Two days ago, The Devotea team held an event in a library.
Over the last year or so we have done so regularly. Our HQ is Adelaide, Australia, which for reasons of seething contempt and bitter jealousy, is reputed for only two things in Australia:
- The “high murder rate” which is in fact less than Melbourne, Sydney and Brisbane on both a per capita and numerical rate. This misconception was triggered by a few high profile, quite unusual and newsworthy murders.
- That we’re boring and nothing happens, a misconception which is triggered by many East Coast Australians only ever removing their heads from their backsides long enough to admire themselves in a mirror.
So, in this ‘boring town’ of about a million people, on that day we had a few things happening.
- The second largest ‘Fringe’ festival in the world, which is an offshoot of the second largest Arts festival was in full swing, having taken back the streets from the major street car race that occurred here last weekend. (Over 47% of arts festival tickets sold in Australia are for events in Adelaide, we have ten major arts and cultural festivals, but sadly no tea one… yet.)
- WOMADELAIDE, one of only three southern hemisphere WOMAD events was into it’s second day full of international world music acts
- A plethora of local shows and events
- A long weekend was starting to celebrate this State’s biggest horse race, the Adelaide cup.
Why is it important to note that there were other things happening? Because even though this event was the first time in a year that we had not sold out an event, we still had over 70% of capacity. and we felt that we had to make it a good one to reward the effort people were making to turn up.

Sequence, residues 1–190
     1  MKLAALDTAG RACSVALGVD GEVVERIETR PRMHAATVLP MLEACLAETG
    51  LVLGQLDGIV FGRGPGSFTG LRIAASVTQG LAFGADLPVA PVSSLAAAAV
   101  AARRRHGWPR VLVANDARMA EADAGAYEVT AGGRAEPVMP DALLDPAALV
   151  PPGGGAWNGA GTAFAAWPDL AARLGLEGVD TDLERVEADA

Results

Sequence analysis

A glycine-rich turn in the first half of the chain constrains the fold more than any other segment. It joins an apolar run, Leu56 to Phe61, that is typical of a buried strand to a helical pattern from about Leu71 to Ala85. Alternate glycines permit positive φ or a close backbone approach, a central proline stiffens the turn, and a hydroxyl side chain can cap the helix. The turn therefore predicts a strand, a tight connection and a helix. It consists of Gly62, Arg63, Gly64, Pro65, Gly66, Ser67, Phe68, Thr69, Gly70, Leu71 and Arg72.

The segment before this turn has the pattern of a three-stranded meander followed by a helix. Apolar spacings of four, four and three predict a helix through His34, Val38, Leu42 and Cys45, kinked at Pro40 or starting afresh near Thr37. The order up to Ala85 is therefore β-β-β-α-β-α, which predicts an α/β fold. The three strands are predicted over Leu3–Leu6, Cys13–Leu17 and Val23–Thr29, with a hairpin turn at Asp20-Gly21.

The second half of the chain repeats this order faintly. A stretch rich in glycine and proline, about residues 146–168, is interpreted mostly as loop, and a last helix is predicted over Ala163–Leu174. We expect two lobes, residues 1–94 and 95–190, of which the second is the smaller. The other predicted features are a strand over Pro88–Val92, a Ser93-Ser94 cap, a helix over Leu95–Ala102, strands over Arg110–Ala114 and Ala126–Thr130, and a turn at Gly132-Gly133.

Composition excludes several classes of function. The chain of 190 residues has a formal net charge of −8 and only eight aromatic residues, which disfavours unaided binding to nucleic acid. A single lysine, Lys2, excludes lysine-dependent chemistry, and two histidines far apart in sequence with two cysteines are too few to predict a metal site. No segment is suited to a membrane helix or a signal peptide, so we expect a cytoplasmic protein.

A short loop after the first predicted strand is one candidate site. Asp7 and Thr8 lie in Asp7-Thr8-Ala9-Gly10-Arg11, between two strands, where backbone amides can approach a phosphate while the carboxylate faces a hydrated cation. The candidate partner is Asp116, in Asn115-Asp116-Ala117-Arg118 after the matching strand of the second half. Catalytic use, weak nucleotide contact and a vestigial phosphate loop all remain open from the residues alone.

In Adelaide, we call it Mad March and it’s generally considered that sleep is for April. This one’s even madder as tonight Adele is performing at Adelaide Oval.
So, at this event, we debuted full catering. Saxon, AKA Devotea Jnr, created an amazing cornucopia of sweet treats. Lady Devotea made sure four rounds of perfect tea hit the tables, judged the “best hat” and “best teacup” and ran the stall. We had Sarah running teapots and also not taking any of the photos you see here.
So, what did I do? Well of course, I just spoke loudly about tea.
Like my blog, when I talk about tea live I add in a lot of stuff that’s vaguely connected to the topic on hand. At library gigs, I like to give literature a plug.
So, in twenty minutes over two hours, I covered Chaucer, Jane Austen and Douglas Adams. I covered some Russian, Persian and Turkish tea culture. We talked about female role models in Regency books and how they drank tea, and what tea they drank. And we covered famous literary/pop culture figures with tea obsessions, from Hercule Poirot to Captain Picard.
It was an excellent morning for many reasons, but for me, the best part about all this is revenge.
I have always loved reading and as a kid, my favourite place was the school library. I loved everything from fantastic fiction to serious non-fiction, the latter getting me into a fair bit of trouble in the classroom for correcting teachers.
But I was often ejected. Why?
I have a loud voice. I’m not good at “keeping it down”. I ‘m even worse at “shoooosh”.
I’m still loud. It’s libraries that have changed.
We were at the Campbelltown library, and it’s a well-designed, well-resourced library full of encouraging and interested staff. No-one says shoosh.
So now, the loud kid gets to be loud at libraries. It’s sweet, sweet revenge. It’s better that our societal revenge on 70s/80s maths teachers (“You have to learn this stuff because it’s not like everybody walks around with a calculator in their pocket”) because it’s actually one of the ways we make our living.
Talking loudly in libraries. And it being seen as a good thing.
It goes to show what futurists know, because no-one saw that coming.
* This is my first post in ages without a footnote and I’ve just added this out of habit